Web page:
Insulin-secreting cells report on insulin resistance
Diabetes researchers at Sweden's Karolinska Institutet have developed a novel technique that makes it possible to monitor insulin resistance in a non-invasive manner over time in mice. The new method, presented in the journal Scientific Reports, can be used to assess insulin resistance during progression and intervention of metabolic diseases.
Insulin resistance is a key contributing factor to a variety of metabolic diseases, including cardio-vascular disease, the metabolic syndrome and diabetes type 2. A major challenge in the field of insulin resistance is to be able to monitor this process dynamically in individual cell types of insulin target tissues, such as fat, liver, brain, kidney or pancreatic islets in the living organism.
The researchers behind the new study have previously shown that the insulin-secreting beta-cell, situated in the pancreatic islet of Langerhans, not only produces the hormone insulin but is also a target for insulin signaling. Consequently, beta-cell insulin resistance can contribute to the development and progression of type 2 diabetes.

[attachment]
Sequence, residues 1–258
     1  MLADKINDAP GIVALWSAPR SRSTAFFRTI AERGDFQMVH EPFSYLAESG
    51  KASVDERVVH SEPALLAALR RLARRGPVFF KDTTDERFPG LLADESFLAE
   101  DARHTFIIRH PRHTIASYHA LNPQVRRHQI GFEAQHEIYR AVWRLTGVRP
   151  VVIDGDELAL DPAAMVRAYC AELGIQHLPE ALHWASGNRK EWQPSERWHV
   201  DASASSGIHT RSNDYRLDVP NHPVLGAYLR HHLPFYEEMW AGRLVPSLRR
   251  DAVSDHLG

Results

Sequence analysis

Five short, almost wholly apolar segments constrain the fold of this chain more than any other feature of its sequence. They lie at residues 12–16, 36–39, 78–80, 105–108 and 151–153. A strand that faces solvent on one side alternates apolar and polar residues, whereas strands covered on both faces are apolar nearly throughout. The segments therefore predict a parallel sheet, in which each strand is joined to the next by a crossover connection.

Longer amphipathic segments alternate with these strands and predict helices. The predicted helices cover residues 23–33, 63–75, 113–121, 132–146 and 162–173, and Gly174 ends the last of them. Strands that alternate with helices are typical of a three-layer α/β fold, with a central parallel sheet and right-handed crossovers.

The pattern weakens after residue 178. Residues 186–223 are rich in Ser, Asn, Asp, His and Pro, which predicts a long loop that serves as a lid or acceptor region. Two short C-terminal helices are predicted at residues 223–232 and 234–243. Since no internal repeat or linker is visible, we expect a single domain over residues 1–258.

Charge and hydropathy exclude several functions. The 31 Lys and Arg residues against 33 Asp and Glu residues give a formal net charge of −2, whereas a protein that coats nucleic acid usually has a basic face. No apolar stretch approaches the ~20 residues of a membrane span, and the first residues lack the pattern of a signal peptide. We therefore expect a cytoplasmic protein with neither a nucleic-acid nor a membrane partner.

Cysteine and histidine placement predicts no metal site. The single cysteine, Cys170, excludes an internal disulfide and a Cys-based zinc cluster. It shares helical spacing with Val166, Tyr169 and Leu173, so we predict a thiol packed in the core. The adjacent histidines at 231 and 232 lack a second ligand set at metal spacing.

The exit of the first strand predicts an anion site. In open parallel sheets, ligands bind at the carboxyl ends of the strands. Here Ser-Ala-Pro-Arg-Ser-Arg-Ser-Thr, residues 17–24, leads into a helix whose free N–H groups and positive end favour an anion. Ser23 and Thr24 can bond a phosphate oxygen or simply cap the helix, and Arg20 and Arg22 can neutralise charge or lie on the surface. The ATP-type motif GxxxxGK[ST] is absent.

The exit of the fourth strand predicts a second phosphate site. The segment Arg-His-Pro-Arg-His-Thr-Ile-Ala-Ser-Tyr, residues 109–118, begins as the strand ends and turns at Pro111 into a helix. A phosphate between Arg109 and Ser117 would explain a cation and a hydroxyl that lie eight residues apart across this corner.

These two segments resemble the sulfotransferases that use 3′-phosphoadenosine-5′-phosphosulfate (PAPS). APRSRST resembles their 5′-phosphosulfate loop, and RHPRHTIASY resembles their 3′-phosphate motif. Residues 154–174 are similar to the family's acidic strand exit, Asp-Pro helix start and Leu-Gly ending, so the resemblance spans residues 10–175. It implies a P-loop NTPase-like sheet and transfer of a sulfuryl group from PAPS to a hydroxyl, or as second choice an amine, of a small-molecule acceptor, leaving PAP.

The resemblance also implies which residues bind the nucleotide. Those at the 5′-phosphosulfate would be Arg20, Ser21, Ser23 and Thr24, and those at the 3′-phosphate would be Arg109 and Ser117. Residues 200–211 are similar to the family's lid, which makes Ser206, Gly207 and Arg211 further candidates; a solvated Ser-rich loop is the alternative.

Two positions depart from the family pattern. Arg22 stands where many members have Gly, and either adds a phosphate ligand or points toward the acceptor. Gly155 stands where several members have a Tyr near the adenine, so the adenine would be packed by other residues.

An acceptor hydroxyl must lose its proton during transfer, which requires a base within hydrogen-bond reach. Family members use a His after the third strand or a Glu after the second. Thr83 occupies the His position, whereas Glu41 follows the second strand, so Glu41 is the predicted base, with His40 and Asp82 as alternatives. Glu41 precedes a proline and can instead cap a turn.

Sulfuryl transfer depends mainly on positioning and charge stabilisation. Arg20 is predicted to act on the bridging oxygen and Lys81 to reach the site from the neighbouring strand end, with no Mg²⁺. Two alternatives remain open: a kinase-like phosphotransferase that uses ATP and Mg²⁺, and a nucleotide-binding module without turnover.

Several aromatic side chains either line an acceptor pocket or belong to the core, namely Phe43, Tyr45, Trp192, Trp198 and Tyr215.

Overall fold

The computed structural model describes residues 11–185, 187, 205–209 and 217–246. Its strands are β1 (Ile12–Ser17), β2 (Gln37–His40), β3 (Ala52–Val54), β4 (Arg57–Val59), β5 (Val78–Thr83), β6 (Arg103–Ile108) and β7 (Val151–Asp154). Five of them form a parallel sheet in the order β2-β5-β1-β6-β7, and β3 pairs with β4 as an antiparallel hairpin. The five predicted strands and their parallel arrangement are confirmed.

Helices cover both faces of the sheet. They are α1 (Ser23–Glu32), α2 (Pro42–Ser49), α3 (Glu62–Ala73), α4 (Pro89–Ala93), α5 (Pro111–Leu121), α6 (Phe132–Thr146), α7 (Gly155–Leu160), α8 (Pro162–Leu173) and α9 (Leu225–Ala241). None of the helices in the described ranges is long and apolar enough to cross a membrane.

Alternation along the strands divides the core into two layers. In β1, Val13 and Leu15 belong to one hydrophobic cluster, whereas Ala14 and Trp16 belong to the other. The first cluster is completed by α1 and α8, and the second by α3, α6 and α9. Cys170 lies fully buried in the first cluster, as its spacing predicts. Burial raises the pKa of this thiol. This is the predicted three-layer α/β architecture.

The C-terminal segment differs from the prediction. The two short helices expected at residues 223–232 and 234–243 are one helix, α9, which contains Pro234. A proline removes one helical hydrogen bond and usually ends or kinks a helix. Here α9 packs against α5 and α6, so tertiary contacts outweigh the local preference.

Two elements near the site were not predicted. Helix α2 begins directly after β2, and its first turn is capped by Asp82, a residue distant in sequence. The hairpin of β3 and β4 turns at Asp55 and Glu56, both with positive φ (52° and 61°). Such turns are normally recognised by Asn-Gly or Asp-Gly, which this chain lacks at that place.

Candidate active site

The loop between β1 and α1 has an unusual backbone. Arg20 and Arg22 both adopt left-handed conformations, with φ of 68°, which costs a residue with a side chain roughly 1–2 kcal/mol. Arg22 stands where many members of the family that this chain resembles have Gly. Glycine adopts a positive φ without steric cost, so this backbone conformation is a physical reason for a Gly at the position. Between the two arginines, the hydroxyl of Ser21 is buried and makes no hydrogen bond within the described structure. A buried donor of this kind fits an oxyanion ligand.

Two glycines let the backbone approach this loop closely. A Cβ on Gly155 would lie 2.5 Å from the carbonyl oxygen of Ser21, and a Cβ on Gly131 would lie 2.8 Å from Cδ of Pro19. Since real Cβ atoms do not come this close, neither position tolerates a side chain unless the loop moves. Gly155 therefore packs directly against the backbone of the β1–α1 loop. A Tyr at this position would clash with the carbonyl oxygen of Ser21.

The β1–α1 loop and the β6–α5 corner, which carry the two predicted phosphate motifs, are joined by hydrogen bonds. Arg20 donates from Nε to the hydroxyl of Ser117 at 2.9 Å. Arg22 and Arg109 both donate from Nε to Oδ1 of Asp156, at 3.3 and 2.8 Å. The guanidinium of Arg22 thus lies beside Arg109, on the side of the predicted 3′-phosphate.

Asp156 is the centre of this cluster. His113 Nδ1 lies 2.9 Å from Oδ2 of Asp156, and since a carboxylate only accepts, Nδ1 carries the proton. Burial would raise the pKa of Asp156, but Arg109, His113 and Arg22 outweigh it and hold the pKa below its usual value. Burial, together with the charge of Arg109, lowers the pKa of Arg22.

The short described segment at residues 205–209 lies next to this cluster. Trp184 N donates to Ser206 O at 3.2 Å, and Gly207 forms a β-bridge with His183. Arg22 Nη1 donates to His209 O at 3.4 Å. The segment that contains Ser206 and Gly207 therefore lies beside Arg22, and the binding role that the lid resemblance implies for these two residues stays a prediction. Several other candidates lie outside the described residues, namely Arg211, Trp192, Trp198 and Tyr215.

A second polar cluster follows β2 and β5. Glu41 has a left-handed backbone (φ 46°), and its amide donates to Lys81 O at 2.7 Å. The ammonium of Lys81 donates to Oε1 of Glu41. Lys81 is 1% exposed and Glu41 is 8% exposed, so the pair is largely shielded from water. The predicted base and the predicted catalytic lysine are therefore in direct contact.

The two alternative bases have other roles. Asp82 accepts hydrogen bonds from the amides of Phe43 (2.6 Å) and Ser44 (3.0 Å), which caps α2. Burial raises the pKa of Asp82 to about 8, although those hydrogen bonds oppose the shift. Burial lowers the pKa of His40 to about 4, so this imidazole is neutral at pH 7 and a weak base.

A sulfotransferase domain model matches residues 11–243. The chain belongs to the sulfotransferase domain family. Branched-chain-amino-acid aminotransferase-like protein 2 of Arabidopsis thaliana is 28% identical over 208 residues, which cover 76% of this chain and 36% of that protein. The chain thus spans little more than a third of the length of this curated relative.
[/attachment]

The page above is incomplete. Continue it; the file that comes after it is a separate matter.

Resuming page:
"The problem is that the islets are embedded in the pancreas and therefore not accessible for direct monitoring", says lead author Meike Paschen, doctoral student at the Rolf Luft Research Center for Diabetes and Endocrinology, Department of Molecular Medicine and Surgery at Karolinska Institutet. "However, by equipping beta-cells with a fluorescent biosensor that reports on insulin resistance and transplanting these reporter islets into the anterior chamber of the eyes of mice, we are now able to study beta-cell insulin sensitivity over months in the living mouse."
This novel technique utilizes the cornea as a natural body-window to allow the investigators to non-invasively monitor insulin resistance in islet of Langerhans transplanted to the anterior chamber of the eye. The biosensor expressed by the engrafted islets makes it possible for the researchers to differentiate insulin-resistant cells from those that have a normal response to insulin. The biosensor signal is measured non-invasively by fluorescence microscopy at single-cell resolution in the living animal.
"This technique allows monitoring of cell type specific insulin sensitivity or resistance in real-time in the context of whole body insulin resistance during progression and intervention of disease", says Professor Per-Olof Berggren, who led the current study together with Associate Professor Ingo Leibiger at the Rolf Luft Research Center for Diabetes and Endocrinology.